Adding insult to Cantona’s sense of injustice, the Frenchman found himself scapegoated by Croydon District Judge Jean Pearch, earning her 15 minutes with a custodial sentence for a first-time offence.

History has been kinder to the Frenchman though.  Cantona, his sentence commuted on appeal to community service, serve no time. Latterly, Symonds did. Convicted of branding the former-Leeds United player a “French c*nt,” he spent a single day in prison. Links to far-right groups excised any pretence that the 20-year-old was an innocent victim of Cantona’s ire. The Frenchman’s reputation duly salvaged. In part, at least.

Cantona responded to the sentence by uttering both his most famous and cryptic words about “seagulls and trawlers,” as the frenzied press fed on the Frenchman’s scraps. If anything the incident sealed the striker’s place in United folklore.

More than a decade on and Cantona now treads the Parisian boards, scheduled as he is to star in Face au Paradis, tonight in Paris, directed by his wife Rachida Brakni. There are few regrets. Indeed, speaking in 2008, the enigmatic star said only that he wished he’d punched Symonds harder.

Symonds, by contrast, is as he was – an unemployed labourer defined by the intolerant charge down the terraces 15 years ago.

United lost out to Kenny Dalgleish’s Blackburn Rovers for the Premier League title. Spearheaded by Alan Shearer, who would turn down Ferguson’s offer to become Cantona’s replacement two years later, Rovers head-of-steam outlasted United’s. It is to this day a tarnished championship win.

And with almost as little fuss as Cantona joined Ferguson’s side five and a half years earlier, the Frenchman retired into acting and beach football in May 1997. Forever missed but never forgotten.

25 January, 1995. 9.10pm

Daddy does deal as Welbeck joins Preston

January 25, 2010 Tags: , , Shorts No comments

Manchester United’s Danny Welbeck joins Preston North End for the remainder of the season, after Ferguson senior and junior concluded a loan deal for the 19-year-old striker. Welbeck, who has scored five goals in 24 appearances for United, will go straight into Darren Ferguson’s Preston squad for the trip to Peterborough United on Wednesday.

Welbeck began the season as an outside bet for a place in England’s World Cup squad, with Sir Alex Ferguson predicting bright things for the Longsight-born player. But the arrival of Senegalese striker Mame Biram Diouf has pushed the teenager further down the pecking order at Old Trafford and into the arm of Sir Alex’ son Darren, the newly appointed Preston manager.

The striker trends a well-worn path to Preston – David Beckham spent part of the 1994-5 season at Deepdale, before returning to Old Trafford to win the double the following season.

But it’s not the first intra-family deal struck since junior took over the reigns at Preston – Darren revealed last week that his side had trained at United’s Carrington complex during the recent inclement weather.

Get your green and gold

January 25, 2010 Tags: , , , Media 5 comments

Manchester United supporters’ green and gold revolution gathers pace and fans can play their part, however symbolic, in ridding the club of the Glazer scourge. On Saturday the Manchester United Supporters’ Trust (MUST) distributed 500 green & gold scarves, with a further 1,000 due at Old Trafford this Wednesday. Fans can also buy scarves here.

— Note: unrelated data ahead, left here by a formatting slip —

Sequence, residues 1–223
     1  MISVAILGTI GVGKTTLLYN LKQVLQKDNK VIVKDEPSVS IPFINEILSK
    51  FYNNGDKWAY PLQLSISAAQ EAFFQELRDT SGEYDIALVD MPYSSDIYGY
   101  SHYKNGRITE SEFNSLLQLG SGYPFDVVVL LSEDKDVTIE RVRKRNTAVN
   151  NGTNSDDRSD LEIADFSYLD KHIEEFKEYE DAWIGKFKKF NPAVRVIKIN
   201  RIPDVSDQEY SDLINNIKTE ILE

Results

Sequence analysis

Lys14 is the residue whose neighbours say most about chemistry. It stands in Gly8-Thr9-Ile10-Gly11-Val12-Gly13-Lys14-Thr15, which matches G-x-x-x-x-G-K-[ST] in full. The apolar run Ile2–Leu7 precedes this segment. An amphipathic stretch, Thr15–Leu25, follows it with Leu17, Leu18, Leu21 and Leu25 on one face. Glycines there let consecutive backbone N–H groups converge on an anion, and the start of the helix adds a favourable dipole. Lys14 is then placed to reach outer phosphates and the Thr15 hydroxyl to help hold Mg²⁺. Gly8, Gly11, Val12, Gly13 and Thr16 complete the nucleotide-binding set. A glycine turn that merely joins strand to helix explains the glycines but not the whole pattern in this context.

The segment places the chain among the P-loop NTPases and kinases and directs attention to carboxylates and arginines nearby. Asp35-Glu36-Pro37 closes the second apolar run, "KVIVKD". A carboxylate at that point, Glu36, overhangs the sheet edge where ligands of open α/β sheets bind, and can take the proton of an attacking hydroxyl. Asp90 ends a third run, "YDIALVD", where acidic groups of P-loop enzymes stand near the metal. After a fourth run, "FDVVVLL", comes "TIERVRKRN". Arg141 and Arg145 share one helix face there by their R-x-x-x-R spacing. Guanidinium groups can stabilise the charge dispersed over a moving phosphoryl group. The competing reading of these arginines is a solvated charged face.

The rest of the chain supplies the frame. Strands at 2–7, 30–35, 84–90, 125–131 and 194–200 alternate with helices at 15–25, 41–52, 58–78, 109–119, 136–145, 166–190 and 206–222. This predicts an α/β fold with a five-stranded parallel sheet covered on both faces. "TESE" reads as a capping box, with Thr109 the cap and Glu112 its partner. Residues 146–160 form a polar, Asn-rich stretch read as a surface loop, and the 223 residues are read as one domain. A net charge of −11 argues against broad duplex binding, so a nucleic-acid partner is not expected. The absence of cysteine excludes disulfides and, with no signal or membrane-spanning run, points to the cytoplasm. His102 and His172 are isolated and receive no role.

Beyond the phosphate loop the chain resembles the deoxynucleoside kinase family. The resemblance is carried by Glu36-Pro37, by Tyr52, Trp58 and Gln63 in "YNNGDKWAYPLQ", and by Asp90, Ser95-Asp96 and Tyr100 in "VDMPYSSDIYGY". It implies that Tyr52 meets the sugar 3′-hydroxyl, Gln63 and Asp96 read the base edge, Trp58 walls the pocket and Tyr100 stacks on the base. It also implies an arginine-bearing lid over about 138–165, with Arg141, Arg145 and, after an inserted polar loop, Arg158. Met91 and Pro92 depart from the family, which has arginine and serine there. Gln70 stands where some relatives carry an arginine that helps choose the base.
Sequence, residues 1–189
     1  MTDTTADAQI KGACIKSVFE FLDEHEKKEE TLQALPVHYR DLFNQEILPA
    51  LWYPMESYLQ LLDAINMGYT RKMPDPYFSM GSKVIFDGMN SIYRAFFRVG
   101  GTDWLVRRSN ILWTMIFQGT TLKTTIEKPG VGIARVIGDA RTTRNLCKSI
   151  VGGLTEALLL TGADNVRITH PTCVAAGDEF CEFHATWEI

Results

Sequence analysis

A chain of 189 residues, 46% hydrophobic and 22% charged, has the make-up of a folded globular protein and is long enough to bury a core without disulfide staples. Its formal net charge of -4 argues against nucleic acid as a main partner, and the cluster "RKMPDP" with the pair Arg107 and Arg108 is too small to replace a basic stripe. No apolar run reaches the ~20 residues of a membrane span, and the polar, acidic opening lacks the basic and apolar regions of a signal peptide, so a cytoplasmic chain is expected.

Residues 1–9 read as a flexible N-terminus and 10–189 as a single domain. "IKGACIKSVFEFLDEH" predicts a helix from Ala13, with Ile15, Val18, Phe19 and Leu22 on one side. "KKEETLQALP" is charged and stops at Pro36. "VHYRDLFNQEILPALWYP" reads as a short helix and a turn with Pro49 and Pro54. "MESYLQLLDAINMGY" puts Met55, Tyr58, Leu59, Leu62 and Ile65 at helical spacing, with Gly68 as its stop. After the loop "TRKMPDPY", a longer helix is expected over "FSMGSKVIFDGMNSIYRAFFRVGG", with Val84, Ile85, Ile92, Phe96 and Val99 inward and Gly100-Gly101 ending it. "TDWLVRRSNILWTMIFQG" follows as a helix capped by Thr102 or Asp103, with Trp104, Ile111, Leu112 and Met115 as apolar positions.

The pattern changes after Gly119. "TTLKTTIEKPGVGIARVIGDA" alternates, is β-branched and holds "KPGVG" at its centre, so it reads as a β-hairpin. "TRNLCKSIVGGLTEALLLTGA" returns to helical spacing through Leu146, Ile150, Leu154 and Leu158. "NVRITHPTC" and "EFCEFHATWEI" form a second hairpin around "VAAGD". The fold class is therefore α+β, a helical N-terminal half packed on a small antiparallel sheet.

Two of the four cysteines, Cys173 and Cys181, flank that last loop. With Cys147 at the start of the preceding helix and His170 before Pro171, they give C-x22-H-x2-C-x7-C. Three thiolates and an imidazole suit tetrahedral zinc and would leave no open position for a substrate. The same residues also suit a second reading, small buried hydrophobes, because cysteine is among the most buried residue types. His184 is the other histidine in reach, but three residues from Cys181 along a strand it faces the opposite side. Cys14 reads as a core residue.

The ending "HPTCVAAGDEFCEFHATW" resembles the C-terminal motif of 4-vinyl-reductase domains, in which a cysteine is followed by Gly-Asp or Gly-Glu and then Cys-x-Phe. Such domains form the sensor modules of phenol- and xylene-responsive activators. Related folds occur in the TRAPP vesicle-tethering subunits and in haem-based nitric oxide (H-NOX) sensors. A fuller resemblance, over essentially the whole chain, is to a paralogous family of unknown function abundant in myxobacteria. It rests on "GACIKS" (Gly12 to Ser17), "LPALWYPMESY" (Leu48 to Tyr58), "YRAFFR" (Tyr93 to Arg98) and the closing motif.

MUST gets a 10% commission on all sales, which goes towards fighting the Glazers on all fronts. Search “Yellow & Green Bar Scarf” for traditional gear. Flags are also available.

Supporters can also help spread the word on the ‘net by download these wallpapers and distributing widely. Click for a full sized image.

Green and Gold

Credit: Andrew Hough

Credit: Andrew Hough

Credit: Andrew Hough

Credit: Chorlton Red

Credit: Andrew Hough

Credit: Andrew Hough

Credit: Andrew Hough

Credit: Andrew Hough

Credit: Andrew Hough

Ferguson’s unity call wide of the mark

January 25, 2010 Tags: , , , Opinion 13 comments

Sir Alex Ferguson used this weekend’s United Review programme notes to call for unity among the faithful as an atmosphere of sedition overtook Old Trafford. For the first time, the Scot chose to directly address United’s support on financial matters but once again failed to condemn his employers for loading the club with debt.

The United manager, who once told fans to “go and support Chelsea” if they did not like the 2005 takeover, is steadfast in his support for the Glazer family despite supporters’ concerns. Ferguson, consistent in his aggressive dismissal of Glazer critics, overtly supports the family in a way that the Scot never did when the club was public.

But the state of United’s finances, now more transparent as a result of the Glazer family’s foray into the international bond market, has fundamentally alarmed the core of the club’s support. Deep hostility to the Glazer family’s takeover has only intensified in the past fortnight.

It’s a fact that Sir Alex has registered but failed to fully comprehend: the Scot essentially asked the fans to ‘get off the Glazers’ backs’.

“The family of Manchester United is under pressure as a result of all the issues and controversies surrounding the ownership and financial situation of our club that have been stirred up in the media,” Ferguson wrote on Saturday.

“Some of our fans are clearly unhappy with our financial position but we must not allow that to become divisive.

“The danger, as I see it, is that we could be presented as being split which would be harmful and inaccurate because I believe the vast majority of Manchester United supporters are behind us.”

Ferguson, failing to differentiate between unity in the dressing room and the very real need for fans to question what value more than £716 million of debt brings to the club, ostensibly blames the current terrace unrest on the media.

The Scot, who insists he has money to spend despite the books saying otherwise, believes that insurrection in the terraces could impact performances on the field.

It is surprising then that paucity of funds in the club’s bank accounts over the next seven years does not concern United’s legendary manager more. Instead, Ferguson chose to concentrate on what he sees as potentially destabilising rebellion.